We made this recipe yesterday, for National Coffee Day.
Instead of our favorite after-dinner coffee—a steaming cup of French or Italian roast with a shot of coffee liqueur, substituting for dessert—we celebrated with a Café Liégeois (lee-eh-ZHWAH). It’s a parfait with layers of iced coffee, ice cream, and whipped cream (called chantilly [shon-TEE-yee] in French).
We highly recommend it as an easy-to-make dessert for coffee (and especially iced coffee) lovers.
While the original recipe does not contain alcohol, no one stops you from adding a shot of coffee, chocolate, or vanilla liqueur.
If you don’t have parfait or sundae dishes, use what you do have—beer glasses, wine goblets, any tall glasses, or glass mugs. You can even make the recipe in conventional coffee cups, although part of the eye appeal is looking at the layers through the glass.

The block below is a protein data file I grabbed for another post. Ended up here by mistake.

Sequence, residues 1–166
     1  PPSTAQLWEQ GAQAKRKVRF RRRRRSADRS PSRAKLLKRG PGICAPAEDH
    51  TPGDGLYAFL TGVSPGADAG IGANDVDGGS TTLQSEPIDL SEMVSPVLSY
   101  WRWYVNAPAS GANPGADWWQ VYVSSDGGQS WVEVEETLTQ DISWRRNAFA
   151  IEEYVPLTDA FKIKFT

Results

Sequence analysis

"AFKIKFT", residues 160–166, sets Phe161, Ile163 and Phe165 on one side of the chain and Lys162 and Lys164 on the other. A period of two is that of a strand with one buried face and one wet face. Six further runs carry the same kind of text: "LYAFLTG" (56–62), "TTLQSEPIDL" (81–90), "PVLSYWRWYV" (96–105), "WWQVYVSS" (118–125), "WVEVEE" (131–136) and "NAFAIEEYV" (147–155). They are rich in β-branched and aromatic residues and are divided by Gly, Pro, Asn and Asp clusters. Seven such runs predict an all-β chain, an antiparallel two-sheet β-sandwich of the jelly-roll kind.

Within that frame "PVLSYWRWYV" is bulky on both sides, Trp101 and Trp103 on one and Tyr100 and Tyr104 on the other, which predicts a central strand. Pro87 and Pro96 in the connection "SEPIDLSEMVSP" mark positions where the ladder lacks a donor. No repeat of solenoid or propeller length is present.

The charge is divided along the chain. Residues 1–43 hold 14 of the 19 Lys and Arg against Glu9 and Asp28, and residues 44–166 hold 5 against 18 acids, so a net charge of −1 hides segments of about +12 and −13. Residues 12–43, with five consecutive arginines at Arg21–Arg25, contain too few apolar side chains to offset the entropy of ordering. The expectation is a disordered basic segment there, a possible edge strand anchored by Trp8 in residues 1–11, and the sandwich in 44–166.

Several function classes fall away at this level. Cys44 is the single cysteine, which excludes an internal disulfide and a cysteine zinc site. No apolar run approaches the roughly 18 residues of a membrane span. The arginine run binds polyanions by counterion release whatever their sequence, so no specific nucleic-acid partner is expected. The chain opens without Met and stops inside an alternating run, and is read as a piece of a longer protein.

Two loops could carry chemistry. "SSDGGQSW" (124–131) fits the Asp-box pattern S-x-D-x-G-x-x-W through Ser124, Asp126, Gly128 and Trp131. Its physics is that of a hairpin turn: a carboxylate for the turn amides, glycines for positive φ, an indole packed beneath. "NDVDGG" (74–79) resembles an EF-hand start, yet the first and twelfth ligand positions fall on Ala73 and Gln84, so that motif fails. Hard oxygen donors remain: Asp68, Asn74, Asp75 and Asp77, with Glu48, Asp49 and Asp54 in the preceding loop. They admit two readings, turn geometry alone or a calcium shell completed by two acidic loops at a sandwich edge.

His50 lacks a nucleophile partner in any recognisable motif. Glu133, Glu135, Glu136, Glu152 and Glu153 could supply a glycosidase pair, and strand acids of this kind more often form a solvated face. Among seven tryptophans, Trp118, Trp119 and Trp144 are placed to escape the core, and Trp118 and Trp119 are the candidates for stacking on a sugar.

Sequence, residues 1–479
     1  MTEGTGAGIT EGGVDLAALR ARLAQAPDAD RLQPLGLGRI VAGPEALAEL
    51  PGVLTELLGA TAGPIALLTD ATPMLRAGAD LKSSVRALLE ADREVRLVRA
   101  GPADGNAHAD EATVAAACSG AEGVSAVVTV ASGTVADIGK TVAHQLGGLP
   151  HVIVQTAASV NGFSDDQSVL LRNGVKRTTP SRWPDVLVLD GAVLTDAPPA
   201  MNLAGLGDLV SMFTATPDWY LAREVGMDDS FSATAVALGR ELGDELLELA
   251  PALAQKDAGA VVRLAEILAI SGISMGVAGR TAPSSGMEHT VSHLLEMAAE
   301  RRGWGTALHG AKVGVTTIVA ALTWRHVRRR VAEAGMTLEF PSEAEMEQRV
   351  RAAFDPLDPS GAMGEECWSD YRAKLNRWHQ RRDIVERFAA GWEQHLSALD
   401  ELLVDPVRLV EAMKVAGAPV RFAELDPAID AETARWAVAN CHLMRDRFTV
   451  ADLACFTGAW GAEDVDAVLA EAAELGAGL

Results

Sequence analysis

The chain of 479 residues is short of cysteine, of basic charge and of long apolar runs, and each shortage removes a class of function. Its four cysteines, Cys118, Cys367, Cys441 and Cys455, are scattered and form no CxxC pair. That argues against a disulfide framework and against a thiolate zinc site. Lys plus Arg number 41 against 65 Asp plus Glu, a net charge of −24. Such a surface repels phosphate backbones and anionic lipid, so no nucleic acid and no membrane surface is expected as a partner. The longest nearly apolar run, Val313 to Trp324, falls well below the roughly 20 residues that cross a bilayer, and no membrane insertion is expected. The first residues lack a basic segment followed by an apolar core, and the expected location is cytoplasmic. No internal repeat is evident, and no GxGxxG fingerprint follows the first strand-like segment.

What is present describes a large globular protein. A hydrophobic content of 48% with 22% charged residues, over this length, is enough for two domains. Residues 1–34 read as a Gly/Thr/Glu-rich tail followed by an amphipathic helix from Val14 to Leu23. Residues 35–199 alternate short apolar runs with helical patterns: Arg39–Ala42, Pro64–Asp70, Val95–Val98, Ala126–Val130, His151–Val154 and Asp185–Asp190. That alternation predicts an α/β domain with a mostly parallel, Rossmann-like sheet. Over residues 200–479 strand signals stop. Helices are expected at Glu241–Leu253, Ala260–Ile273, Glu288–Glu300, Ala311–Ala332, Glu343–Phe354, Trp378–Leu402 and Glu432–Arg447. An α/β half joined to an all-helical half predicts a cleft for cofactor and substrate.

Ingredients Per Serving
A modern variation of Café Liégois (photo © Benoit Bistro | NYC).
Chocolate Liégois. Photo courtesy Relais de l’Entrecôte | Hong Kong via Kee Hua Chee.
1. MAKE the coffee and refrigerate. Also, refrigerate or freeze the dishes or glasses. When ready to serve…
2. FILL each dish or glass with ice cream and pour over the iced coffee and the optional liqueur. Add the whipped cream, garnish as desired, and serve immediately.
According to Wikipedia, Café Liégeois did not originate in Liège, Belgium; it was initially known in France as Café Viennois (vee-en-WAH), Viennese Coffee.
Following the Battle of Liège in World War I, in which the city of Liège put up a resistance to the advancing German army with its Austrian-made guns—Paris’s cafés changed the name of the dessert from Viennois to Liégeois. Curiously, notes Wikipedia, in Liège itself, the dessert continued to be known as Café Viennois for a while.
PARFAIT VS. SUNDAE: THE DIFFERENCE
In the U.S., both ice cream desserts are made from the same ingredients. The difference is in how the ingredients are presented.